Key Workers Told to Get Vaccinated in Some South-East Europe States

Serbia was the first country that made vaccination mandatory for police officers and members of the armed forces in May, followed by Greece and Hungary, which made jabs compulsory for the healthcare sector.

Albania then made vaccination mandatory in late August for health workers, teachers and students.

In Serbia, mandatory vaccination for medical workers has been discussed, but so far not implemented.

Serbian Prime Minister Ana Brnabic said on September 2 that the introduction of obligatory vaccination for health workers would create other problems for Serbia and eventually lead to a case being brought to the European Court of Human Rights in Strasbourg.

Brnabic added that if compulsory vaccination was imposed in the healthcare sector, it would lead to the dismissal of 20 per cent of health workers who do not want to be vaccinated for whatever reason.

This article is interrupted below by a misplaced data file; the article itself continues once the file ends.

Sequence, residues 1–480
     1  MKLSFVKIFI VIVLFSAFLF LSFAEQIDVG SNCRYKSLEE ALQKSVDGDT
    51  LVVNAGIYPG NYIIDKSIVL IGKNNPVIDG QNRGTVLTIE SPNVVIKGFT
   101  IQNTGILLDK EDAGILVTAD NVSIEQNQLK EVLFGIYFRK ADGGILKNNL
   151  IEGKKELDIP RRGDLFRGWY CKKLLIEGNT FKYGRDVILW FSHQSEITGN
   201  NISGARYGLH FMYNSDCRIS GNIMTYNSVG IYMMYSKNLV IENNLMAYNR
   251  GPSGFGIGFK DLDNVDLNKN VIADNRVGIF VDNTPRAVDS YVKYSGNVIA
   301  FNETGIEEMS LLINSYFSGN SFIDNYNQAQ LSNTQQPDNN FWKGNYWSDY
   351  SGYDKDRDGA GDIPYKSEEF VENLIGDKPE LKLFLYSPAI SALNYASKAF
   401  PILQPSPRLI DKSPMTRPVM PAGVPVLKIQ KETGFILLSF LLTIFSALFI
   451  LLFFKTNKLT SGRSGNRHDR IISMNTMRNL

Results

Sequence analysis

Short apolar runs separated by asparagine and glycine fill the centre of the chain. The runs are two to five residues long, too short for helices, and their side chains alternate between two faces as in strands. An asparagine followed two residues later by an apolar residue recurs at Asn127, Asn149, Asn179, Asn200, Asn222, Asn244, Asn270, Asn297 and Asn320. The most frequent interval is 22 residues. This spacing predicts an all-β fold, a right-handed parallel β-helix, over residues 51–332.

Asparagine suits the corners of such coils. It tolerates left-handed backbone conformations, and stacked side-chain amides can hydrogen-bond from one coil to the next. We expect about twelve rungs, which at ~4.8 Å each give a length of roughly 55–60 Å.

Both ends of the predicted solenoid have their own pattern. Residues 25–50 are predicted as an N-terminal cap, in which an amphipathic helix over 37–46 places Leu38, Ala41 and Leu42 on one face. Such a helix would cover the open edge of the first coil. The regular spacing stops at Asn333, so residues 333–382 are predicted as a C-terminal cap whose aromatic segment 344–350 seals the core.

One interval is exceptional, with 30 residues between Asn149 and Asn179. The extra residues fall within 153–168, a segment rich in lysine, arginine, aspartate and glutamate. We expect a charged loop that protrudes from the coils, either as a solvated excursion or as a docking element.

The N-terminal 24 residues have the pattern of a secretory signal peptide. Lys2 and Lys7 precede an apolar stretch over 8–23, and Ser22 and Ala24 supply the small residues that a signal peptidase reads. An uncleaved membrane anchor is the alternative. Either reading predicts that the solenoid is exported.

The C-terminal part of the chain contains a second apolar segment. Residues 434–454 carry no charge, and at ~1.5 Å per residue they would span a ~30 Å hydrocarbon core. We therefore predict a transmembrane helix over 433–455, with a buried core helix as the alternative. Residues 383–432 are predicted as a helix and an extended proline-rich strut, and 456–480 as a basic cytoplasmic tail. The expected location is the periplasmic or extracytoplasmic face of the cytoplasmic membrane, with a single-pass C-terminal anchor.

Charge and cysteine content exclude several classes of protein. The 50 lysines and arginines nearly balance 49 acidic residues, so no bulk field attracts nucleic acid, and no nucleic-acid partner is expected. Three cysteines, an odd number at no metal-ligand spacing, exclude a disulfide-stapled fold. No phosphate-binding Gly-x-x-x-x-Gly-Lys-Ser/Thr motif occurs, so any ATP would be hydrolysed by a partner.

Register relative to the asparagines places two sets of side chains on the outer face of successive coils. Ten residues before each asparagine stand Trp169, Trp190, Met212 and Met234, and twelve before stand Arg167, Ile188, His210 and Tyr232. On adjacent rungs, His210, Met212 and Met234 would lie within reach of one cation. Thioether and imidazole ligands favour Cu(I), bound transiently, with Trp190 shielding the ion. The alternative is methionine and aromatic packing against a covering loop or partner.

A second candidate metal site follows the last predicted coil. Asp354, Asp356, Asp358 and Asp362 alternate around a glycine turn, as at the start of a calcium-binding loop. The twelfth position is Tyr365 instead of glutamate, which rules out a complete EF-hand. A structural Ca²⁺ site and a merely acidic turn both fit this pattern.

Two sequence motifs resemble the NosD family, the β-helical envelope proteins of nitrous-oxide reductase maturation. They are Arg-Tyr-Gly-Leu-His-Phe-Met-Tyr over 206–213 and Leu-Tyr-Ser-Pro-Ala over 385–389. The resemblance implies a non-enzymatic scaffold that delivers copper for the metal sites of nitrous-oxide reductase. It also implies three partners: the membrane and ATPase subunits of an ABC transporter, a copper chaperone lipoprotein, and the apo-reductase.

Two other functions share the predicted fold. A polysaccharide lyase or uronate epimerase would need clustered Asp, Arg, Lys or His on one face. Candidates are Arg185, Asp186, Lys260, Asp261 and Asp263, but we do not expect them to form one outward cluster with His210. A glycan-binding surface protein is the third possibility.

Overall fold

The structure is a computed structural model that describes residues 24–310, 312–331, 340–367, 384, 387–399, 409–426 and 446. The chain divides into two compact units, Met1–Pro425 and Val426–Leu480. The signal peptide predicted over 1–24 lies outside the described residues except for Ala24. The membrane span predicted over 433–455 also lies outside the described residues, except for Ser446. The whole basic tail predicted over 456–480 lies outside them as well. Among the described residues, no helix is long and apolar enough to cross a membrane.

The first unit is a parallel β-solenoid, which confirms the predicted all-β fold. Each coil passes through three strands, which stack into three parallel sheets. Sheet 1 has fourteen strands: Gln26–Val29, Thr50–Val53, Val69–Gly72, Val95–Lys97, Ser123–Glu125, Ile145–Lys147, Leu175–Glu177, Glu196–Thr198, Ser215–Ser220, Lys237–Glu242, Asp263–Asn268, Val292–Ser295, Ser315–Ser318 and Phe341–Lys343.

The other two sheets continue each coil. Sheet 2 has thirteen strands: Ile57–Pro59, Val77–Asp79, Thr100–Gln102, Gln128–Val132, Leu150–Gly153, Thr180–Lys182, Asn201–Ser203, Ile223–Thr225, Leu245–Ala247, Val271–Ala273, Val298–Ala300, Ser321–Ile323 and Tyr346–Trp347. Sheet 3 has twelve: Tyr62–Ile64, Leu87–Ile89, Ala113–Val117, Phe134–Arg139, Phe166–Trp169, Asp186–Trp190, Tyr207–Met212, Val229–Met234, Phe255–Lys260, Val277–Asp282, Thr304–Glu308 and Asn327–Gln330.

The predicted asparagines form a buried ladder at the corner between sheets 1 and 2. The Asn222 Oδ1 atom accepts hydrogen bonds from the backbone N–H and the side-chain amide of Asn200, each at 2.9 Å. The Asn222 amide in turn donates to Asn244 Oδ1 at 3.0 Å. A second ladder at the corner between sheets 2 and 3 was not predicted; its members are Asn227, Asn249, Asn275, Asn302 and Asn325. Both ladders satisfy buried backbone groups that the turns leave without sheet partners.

"Then you have [problems with trade] unions, 'human rights' and the 300 other wonders that come with that. That is why I think there is another way for common sense and rationality to win out," Brnabic said.

Despite Brnabic's concerns that mandatory vaccination could be seen as a breach of people's human rights, some legal experts have claimed that Serbia's constitution and laws are broad enough to allow it in a pandemic situation.

Although the vaccination process in Serbia started much earlier than in many other countries, so far only around 53 per cent of people over 18 have been fully vaccinated.

A law went into force in Greece on July 5 that requires doctors, nurses and all health personnel to be vaccinated, as well as workers employed at homecare centres for elderly people.

Thirty healthcare workers appealed to the European Court of Human Rights to...

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